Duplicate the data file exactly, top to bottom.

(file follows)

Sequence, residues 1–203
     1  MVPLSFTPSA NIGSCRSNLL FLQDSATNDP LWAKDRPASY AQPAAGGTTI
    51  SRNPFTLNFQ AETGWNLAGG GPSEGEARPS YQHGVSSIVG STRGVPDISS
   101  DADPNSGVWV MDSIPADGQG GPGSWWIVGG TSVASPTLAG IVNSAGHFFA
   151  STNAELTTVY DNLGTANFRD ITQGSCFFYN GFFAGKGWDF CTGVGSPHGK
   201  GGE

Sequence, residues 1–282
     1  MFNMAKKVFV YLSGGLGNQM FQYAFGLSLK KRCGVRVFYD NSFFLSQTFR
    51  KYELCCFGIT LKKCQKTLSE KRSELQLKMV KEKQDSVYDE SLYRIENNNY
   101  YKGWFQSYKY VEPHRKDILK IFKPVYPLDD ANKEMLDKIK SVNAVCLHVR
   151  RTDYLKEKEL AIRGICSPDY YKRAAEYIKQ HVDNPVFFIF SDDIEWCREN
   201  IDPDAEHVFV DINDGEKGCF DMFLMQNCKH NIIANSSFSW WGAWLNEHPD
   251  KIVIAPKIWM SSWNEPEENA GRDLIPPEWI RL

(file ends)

Sequence, residues 1–203
     1  MVPLSFTPSA NIGSCRSNLL FLQDSATNDP LWAKDRPASY AQPAAGGTTI
    51  SRNPFTLNFQ AETGWNLAGG GPSEGEARPS YQHGVSSIVG STRGVPDISS
   101  DADPNSGVWV MDSIPADGQG GPGSWWIVGG TSVASPTLAG IVNSAGHFFA
   151  STNAELTTVY DNLGTANFRD ITQGSCFFYN GFFAGKGWDF CTGVGSPHGK
   201  GGE

Sequence, residues 1–282
     1  MFNMAKKVFV YLSGGLGNQM FQYAFGLSLK KRCGVRVFYD NSFFLSQTFR
    51  KYELCCFGIT LKKCQKTLSE KRSELQLKMV KEKQDSVYDE SLYRIENNNY
   101  YKGWFQSYKY VEPHRKDILK IFKPVYPLDD ANKEMLDKIK SVNAVCLHVR
   151  RTDYLKEKEL AIRGICSPDY YKRAAEYIKQ HVDNPVFFIF SDDIEWCREN
   201  IDPDAEHVFV DINDGEKGCF DMFLMQNCKH NIIANSSFSW WGAWLNEHPD
   251  KIVIAPKIWM SSWNEPEENA GRDLIPPEWI RL